What will the psychiatry of tomorrow look like?

A female student in medicine at the University of Geneva (who is keen to remain anonymous) dreams of a career in psychiatry. To achieve her goals, she is soaking up neuroscience and research, much like the new generation of psychiatrists hoped-for by Synapsy.

Preventing, diagnosing, treating and healing – from an early age, our student spent her time looking after her toys. It was something that ran in her family, where everybody is a physician. In spite of this family influence, her interest in the biology of the human body led our student in the direction of hard science rather than medicine so that, as she puts it, she could have access to “basic research”. But she soon returned to follow in the footsteps of Hippocrates since medicine does not close the doors to research – quite the opposite, in fact!

Understanding psychiatry

Starting medical studies means discovering the brain for the first time. There was an initial course on neurotransmitters and receptors, followed by From Neurons to Patients by Professor Jozsef Kiss and his celebrated Neuroclub: “A very casual but intellectual evening discussing neuroscience – with drinks,” as described by our student. The basics of psychiatry were examined in a little more detail in the third year with a unit on perception, emotions and behavior. Finally, there was a psychiatry internship that our young doctor did not enjoy very much, as she explains: “I had the impression that I suffered from all the psychiatric illnesses”. It was thanks to another internship – in internal medicine – that she managed to overcome her fears by putting herself in the shoes of a caregiver for the first time. She was then able to seriously consider psychiatry and embark on a sixth-year internship in liaison psychiatry. It was more than a simple success: it was a real revelation!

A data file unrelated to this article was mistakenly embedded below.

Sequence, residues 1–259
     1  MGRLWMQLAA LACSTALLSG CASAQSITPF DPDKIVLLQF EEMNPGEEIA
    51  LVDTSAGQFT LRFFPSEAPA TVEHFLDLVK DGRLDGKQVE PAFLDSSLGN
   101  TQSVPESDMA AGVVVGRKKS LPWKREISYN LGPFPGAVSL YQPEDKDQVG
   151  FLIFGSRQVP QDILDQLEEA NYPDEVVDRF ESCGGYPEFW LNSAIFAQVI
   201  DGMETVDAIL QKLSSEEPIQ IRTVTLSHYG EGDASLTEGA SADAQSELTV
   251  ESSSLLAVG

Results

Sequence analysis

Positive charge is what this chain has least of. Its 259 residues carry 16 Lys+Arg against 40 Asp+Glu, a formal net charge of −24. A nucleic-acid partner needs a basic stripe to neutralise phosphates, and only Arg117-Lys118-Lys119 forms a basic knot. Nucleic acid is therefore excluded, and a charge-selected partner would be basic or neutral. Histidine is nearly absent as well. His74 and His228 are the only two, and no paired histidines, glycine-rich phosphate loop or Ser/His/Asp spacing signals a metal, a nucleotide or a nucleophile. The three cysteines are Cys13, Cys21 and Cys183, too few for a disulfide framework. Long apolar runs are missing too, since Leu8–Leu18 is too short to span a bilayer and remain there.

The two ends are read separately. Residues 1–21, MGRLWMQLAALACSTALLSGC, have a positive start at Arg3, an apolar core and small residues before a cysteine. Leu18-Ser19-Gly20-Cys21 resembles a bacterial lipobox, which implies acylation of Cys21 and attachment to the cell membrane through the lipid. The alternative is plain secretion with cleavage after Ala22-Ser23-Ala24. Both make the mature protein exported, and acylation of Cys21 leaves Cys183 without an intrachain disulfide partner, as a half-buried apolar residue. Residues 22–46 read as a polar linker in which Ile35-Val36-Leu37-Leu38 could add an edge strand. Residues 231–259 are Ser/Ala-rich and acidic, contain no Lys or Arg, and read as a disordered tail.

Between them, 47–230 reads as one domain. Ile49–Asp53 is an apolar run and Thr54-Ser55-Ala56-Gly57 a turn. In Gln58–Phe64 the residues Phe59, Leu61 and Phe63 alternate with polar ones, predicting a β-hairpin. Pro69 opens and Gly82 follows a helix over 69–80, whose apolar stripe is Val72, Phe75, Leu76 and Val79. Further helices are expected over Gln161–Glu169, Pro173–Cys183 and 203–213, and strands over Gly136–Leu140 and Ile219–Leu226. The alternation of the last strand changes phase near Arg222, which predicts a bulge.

Our student is forward-thinking, explaining her attraction to a discipline that is so particular and constantly evolving by stating that: “Psychiatry has such a wide outlook that it’s really gripping. Just think of the staggering changes taking place in our society: the digital revolution, artificial intelligence and the conquest of space. The limits of our development are now more mental than physical. Knowing what the role of psychiatry and the psychiatrist of tomorrow will be is what attracts me, together with how mental disorders will evolve.”

Research as an engine

Our student came to the latest Synapsy Neurobiology of Mental Health Conference (where we originally met her) for the second time with the aim of discovering the current state of research, especially its clinical aspects. “It’s important for a future psychiatrist,” she says. In addition, the context and the subjects addressed made her think about what she would like to tackle in her research since – before embarking on an MD or a PhD – she would like to identify her preferred topic. She adds that: “Basic research and clinical practice are a motor for practitioners and treatments,” thereby confirming her membership of a future generation of psychiatrists guided by neuroscience. ●

19 Aug 2020